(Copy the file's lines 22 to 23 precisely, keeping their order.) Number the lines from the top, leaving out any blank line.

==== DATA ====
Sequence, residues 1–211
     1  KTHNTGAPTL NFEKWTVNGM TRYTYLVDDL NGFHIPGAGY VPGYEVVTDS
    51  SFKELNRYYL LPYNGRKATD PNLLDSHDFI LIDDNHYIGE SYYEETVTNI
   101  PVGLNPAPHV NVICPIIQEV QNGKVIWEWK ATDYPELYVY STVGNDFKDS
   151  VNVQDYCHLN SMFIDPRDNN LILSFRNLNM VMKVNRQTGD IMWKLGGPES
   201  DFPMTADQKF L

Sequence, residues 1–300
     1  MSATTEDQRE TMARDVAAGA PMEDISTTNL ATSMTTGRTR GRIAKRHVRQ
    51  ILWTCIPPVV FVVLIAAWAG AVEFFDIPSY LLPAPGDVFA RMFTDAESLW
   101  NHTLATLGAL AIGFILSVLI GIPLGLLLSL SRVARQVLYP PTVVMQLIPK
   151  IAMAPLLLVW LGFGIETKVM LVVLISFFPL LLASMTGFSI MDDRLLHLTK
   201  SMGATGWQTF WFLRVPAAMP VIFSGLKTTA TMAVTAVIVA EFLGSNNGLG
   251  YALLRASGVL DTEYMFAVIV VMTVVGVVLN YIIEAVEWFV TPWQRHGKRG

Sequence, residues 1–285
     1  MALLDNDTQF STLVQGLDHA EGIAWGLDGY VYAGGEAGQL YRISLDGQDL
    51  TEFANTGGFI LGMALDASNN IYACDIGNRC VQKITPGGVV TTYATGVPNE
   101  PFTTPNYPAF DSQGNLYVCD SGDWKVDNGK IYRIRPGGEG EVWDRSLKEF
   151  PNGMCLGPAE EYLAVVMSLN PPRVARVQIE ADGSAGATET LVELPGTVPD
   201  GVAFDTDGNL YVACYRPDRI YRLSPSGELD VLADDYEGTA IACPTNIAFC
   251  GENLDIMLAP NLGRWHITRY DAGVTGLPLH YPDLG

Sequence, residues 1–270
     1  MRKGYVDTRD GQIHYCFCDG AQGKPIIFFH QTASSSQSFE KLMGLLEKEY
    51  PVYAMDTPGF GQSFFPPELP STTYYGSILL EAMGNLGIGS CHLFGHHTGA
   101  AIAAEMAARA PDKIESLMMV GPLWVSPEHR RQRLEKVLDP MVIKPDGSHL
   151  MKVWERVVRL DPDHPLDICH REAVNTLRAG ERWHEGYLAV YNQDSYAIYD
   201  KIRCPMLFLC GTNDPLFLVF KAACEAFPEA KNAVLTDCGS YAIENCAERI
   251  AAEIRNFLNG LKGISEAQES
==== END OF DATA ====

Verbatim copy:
     1  MRKGYVDTRD GQIHYCFCDG AQGKPIIFFH QTASSSQSFE KLMGLLEKEY
    51  PVYAMDTPGF GQSFFPPELP STTYYGSILL EAMGNLGIGS CHLFGHHTGA